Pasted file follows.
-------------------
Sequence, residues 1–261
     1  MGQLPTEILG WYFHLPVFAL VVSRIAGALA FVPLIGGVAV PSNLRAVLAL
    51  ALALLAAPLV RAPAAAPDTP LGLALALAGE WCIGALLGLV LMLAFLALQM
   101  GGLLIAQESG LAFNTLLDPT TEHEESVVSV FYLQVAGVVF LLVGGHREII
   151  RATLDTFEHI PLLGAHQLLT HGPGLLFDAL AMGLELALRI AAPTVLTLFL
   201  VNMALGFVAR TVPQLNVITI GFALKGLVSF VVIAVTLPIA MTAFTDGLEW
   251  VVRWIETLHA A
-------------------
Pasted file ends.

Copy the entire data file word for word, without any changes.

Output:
Sequence, residues 1–261
     1  MGQLPTEILG WYFHLPVFAL VVSRIAGALA FVPLIGGVAV PSNLRAVLAL
    51  ALALLAAPLV RAPAAAPDTP LGLALALAGE WCIGALLGLV LMLAFLALQM
   101  GGLLIAQESG LAFNTLLDPT TEHEESVVSV FYLQVAGVVF LLVGGHREII
   151  RATLDTFEHI PLLGAHQLLT HGPGLLFDAL AMGLELALRI AAPTVLTLFL
   201  VNMALGFVAR TVPQLNVITI GFALKGLVSF VVIAVTLPIA MTAFTDGLEW
   251  VVRWIETLHA A